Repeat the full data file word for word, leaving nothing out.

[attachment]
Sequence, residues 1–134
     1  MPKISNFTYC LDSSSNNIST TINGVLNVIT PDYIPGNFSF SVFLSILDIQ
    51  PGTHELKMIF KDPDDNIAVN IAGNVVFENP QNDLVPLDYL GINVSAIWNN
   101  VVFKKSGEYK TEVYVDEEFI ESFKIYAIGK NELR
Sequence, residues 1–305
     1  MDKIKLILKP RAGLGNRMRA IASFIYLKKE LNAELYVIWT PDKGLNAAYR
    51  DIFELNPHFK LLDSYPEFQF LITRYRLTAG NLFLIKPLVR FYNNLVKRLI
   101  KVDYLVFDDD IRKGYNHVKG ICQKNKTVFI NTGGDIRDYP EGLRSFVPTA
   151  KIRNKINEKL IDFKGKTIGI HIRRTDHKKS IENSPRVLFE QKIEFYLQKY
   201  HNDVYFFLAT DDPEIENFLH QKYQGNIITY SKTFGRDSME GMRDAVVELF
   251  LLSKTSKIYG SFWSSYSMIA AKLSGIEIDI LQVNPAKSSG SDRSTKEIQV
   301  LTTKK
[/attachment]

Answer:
Sequence, residues 1–134
     1  MPKISNFTYC LDSSSNNIST TINGVLNVIT PDYIPGNFSF SVFLSILDIQ
    51  PGTHELKMIF KDPDDNIAVN IAGNVVFENP QNDLVPLDYL GINVSAIWNN
   101  VVFKKSGEYK TEVYVDEEFI ESFKIYAIGK NELR
Sequence, residues 1–305
     1  MDKIKLILKP RAGLGNRMRA IASFIYLKKE LNAELYVIWT PDKGLNAAYR
    51  DIFELNPHFK LLDSYPEFQF LITRYRLTAG NLFLIKPLVR FYNNLVKRLI
   101  KVDYLVFDDD IRKGYNHVKG ICQKNKTVFI NTGGDIRDYP EGLRSFVPTA
   151  KIRNKINEKL IDFKGKTIGI HIRRTDHKKS IENSPRVLFE QKIEFYLQKY
   201  HNDVYFFLAT DDPEIENFLH QKYQGNIITY SKTFGRDSME GMRDAVVELF
   251  LLSKTSKIYG SFWSSYSMIA AKLSGIEIDI LQVNPAKSSG SDRSTKEIQV
   301  LTTKK